Microsoft's Biggest Threat: MySpace?

Panelists at the Software 2007 Conference theorize what kind of real impact social networks are creating.
Imagine for a moment that Microsoft's biggest threat comes not from Google, but from MySpace. That view was advanced by Slide CEO and PayPal co-founder Max Levchin in a panel discussion at the Software 2007 Conference on Wednesday.

"MySpace is what's going to take on Microsoft," said Levchin. Google, he said, doesn't have that much data. Never mind that Google's recent personalization push is all about getting that much data and more.

Social networks, said Levchin, are becoming operating systems in the sense that they create consumer lock-in through control of user data. And just as Microsoft dominated the desktop in the '80s and '90s, he expects social networks to dominate in the years to come. He subsequently referred to social networks as platforms, which may be a more appropriate metaphor.

Whether social networks are operating systems or platforms or the next bubble, Levchin's point has some merit. User lock-in goes a long way toward explaining why MySpace is reportedly planning to acquire Photobucket.

Brian Behlendorf, founder of Collab.Net and a founding member of the Apache Software Foundation, expressed some skepticism about Levchin's view, noting that social networking sites aren't quite that "sticky," and that people can be part of multiple social networks. He said that an open data movement might well arise and noted that people are developing screen scraping software to make data more portable.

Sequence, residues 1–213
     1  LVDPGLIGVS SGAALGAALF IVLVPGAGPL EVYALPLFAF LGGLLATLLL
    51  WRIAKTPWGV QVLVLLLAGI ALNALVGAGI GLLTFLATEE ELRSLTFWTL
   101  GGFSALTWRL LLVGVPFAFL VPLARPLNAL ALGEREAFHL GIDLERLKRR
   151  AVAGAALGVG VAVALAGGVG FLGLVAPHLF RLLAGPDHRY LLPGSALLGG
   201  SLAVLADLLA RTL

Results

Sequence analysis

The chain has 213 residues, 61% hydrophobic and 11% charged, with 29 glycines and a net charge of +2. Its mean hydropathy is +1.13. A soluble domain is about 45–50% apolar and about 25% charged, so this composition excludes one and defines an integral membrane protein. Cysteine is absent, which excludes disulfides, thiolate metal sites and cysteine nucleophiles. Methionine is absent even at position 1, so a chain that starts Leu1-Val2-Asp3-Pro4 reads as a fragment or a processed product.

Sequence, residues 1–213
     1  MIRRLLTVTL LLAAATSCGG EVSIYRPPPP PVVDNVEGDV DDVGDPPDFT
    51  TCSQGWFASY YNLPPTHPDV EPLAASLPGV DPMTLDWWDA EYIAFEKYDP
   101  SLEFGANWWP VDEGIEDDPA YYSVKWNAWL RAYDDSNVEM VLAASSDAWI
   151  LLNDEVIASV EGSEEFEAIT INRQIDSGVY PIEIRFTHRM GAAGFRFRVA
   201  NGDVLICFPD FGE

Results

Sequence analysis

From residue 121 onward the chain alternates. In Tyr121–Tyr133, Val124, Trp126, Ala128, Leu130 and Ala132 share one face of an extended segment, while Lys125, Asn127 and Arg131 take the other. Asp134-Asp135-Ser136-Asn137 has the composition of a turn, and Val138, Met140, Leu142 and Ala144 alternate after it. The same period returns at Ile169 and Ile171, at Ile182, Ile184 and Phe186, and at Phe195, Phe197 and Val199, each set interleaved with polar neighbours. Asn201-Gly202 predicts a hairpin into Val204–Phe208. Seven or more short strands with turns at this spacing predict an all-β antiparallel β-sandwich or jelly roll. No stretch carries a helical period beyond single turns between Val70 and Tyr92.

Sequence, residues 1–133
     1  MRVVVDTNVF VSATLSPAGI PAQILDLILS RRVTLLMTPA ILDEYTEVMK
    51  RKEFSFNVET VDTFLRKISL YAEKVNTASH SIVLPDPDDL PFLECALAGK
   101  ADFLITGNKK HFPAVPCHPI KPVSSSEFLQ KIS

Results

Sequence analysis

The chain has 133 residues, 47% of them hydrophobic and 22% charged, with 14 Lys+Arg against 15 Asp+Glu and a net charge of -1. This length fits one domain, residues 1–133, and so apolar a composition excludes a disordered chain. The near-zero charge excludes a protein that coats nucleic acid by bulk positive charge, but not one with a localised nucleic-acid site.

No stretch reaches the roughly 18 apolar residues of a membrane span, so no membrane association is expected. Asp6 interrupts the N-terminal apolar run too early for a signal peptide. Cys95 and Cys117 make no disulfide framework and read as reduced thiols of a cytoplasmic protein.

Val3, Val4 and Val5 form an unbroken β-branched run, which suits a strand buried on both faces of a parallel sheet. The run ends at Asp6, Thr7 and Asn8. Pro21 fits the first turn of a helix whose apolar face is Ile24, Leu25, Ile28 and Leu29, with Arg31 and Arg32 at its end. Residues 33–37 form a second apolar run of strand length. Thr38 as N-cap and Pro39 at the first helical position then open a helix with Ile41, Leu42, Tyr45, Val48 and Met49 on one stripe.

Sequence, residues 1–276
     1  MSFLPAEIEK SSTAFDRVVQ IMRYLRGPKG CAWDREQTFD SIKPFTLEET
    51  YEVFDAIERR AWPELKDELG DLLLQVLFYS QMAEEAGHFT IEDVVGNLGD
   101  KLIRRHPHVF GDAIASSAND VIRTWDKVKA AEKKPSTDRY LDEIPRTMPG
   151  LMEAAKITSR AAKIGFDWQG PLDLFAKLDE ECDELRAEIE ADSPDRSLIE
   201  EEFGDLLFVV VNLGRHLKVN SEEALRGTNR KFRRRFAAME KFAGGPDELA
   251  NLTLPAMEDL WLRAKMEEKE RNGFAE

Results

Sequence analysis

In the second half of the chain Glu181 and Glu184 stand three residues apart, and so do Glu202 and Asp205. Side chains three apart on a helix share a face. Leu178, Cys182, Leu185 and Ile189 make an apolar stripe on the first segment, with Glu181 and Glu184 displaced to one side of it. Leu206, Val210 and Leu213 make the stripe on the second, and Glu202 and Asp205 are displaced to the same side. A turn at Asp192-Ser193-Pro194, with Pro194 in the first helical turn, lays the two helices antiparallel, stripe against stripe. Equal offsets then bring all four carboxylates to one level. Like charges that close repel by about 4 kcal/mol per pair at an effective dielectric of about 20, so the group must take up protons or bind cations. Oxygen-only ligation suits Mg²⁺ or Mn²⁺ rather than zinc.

Levchin countered that the metadata associated with social network profiles can also lock users in. As Levchin sees it, the Internet is rapidly recentralizing around a few large players. "No one wants to collaborate," he said offhandedly. "Web 2.0 is a joke. It doesn't exist."

Wes Boyd, co-founder and president of, also said he was "really concerned about some of these closed communities" such as Facebook. Yet he allowed for the possibility that an alliance between consumers and companies might be able to prompt legislation that would give individuals and businesses some measure of data ownership.

Behlendorf echoed that sentiment, noting that enterprises want to own their data. "That's going to be an upper limit to," he said.

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